In English the ¨rules¨ for spelling and pronuncation have so many exceptions that they are hardly rules. Here is an overview: https://www.understood.org/en/learning-attention-issues/child-learning-disabilities/reading-issues/14-phonics-rules-for-reading-and-spelling?view=slideview
To help you know how to pronounce a word, you can use this site: https://tophonetics.com/es/ Enter the word in English, choose American or British, and it will give you the IPA phonetics and you can play an audio file to hear how a word is pronounced.
Here is a site that is good for learning pronunciation and learning IPA phonics:
Here is a vowel chart. The chart represents the position of the tongue in the mouth for the different English vowels.
I agree completely that you need to practice with a native speaker who corrects you. Practice reading with that person, so that you mentally connect the spelling with the pronunciation.
I would also use this excellent site: (sometimes it is inaccessible, just try again a little later, it is well worth it)
Choose the category Minimal pairs (Also these are very useful: T&D sounds, Special endings).
This website has series of words with similar sounds in two different columns, so you can get used to distinguishing the proper sound. First listen to them and repeat; then try to say them before playing the sound and then correct yourself. Once you have finished, click on next to see the next set of words. Once you are done, click on the next tab at the top to practice different types of sounds.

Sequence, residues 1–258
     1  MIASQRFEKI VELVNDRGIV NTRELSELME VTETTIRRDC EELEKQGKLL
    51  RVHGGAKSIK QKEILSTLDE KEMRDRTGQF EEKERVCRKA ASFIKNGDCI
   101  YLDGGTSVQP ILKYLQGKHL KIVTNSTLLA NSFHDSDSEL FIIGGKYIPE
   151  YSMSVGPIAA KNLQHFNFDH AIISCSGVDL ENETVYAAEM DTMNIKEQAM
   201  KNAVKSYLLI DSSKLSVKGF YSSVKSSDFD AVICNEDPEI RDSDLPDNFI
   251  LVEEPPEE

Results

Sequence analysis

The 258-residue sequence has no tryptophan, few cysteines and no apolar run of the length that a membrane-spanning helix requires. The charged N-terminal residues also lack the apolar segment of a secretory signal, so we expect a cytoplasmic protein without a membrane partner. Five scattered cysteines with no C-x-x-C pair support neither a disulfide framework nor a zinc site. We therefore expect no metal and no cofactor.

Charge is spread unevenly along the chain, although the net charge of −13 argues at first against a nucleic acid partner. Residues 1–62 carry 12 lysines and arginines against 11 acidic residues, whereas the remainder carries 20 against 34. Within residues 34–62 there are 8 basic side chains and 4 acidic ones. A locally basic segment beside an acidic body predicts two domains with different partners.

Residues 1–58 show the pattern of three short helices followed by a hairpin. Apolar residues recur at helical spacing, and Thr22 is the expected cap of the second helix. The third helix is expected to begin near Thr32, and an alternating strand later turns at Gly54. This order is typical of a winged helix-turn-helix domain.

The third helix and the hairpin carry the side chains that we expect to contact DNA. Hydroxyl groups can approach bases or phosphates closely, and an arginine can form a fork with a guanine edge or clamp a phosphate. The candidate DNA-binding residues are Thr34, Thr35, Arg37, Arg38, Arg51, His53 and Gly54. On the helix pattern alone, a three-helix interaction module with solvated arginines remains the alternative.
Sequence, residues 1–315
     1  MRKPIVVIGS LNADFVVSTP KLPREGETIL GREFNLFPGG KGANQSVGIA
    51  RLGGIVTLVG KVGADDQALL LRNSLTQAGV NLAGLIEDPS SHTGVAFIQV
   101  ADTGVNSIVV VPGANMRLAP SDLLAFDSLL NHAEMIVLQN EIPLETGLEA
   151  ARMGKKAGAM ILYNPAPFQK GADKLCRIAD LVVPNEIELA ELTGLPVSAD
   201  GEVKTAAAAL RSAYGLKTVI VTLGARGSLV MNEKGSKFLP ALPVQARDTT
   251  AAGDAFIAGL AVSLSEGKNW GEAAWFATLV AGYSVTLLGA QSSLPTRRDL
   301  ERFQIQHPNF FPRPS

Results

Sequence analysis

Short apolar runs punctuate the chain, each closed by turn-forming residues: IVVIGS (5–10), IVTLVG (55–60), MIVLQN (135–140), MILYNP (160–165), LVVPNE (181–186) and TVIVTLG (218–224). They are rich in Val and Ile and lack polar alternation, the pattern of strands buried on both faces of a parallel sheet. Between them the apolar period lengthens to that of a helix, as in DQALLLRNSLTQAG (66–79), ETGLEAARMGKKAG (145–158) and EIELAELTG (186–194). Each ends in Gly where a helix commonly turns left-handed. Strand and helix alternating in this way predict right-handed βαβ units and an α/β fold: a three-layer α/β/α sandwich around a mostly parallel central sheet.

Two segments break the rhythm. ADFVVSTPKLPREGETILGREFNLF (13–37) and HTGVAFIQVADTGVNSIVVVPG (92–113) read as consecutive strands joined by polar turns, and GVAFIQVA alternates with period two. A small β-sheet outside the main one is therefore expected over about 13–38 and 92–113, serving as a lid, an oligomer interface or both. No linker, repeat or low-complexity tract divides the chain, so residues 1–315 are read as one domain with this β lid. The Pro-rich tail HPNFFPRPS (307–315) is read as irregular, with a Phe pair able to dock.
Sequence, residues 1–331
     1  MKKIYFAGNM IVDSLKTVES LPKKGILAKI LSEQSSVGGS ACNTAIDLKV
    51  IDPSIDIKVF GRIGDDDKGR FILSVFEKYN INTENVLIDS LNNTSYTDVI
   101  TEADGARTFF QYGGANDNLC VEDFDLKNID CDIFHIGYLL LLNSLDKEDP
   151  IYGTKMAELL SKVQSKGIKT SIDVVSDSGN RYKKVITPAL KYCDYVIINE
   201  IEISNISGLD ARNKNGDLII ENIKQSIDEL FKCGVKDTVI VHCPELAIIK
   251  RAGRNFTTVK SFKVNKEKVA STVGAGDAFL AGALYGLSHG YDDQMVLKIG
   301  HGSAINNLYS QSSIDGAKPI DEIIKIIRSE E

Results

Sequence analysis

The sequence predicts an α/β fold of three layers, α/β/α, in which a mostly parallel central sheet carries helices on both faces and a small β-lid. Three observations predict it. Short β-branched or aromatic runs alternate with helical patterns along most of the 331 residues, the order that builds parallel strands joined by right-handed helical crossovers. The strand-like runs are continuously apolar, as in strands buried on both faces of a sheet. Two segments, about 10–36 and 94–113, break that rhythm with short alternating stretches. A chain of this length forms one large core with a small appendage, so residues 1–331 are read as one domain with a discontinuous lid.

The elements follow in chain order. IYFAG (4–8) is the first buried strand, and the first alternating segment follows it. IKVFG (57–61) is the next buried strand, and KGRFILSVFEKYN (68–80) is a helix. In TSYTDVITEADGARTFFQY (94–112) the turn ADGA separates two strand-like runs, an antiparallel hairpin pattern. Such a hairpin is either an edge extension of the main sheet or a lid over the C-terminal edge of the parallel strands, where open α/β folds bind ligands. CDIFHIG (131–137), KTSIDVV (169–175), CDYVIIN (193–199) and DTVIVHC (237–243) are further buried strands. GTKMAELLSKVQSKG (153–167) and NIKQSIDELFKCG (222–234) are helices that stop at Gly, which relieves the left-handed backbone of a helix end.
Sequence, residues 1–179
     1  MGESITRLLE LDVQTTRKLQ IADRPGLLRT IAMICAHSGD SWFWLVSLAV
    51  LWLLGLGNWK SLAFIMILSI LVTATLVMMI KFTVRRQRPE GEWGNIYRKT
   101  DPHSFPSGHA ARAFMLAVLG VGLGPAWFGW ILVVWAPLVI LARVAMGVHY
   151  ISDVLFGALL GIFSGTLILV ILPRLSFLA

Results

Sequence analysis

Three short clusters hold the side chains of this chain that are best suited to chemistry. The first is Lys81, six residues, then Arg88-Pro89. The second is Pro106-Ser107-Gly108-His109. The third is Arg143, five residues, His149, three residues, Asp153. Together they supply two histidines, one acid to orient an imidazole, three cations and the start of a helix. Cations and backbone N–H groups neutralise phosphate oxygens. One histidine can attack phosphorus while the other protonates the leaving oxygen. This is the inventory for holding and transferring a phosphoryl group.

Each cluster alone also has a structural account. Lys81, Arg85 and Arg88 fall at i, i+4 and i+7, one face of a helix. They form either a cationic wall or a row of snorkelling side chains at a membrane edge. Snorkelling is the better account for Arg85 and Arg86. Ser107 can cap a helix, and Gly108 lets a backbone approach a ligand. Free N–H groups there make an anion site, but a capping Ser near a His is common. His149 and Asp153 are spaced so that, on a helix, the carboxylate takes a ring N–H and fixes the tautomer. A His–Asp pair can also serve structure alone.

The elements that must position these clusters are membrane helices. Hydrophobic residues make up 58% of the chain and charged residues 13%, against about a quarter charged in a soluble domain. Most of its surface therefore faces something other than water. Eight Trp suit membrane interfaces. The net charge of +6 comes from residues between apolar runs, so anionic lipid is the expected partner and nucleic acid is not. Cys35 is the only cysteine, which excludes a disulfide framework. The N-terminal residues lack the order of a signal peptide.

Then go back to the website the next day or a few hours later and try again to make your learning more solid. First try to pronounce, then listen and correct yourself. If you are making a lot of mistakes, just listen first and repeat. You will mentally connect the spelling with the sound, without realizing it. It is a very good exercise.
I believe that it is better to develop a 'feel' for the sounds by practicing while reading, rather than trying to learn too many rules, because English is terribly rebellious when it comes to sticking to any set of pronunciation rules.
I hope this helps.
I'm not on board with the whole "practice with a native speaker to learn pronunciation" theory. I use native speakers to learn conversation, not pronunciation. Very few natives are good at teaching pronunciation, ime, and it's very stressful trying to learn it in front of someone.
So what do I do? I learn the alphabet and pronunciation of phonemes first, using a resource that is designed just for that. It must have audio, of course. Then I learn it at the word level, and finally sentences, by doing a lot of repeating words/sentences after I hear them. The resource I use for the sentence level is Pimsleur.
I've found my method works much better for me than being doggedly corrected by native speakers. By the time I get to conversation practice, there is very little if anything to correct, and my conversation partners rarely feel a need to criticize my pronunciation.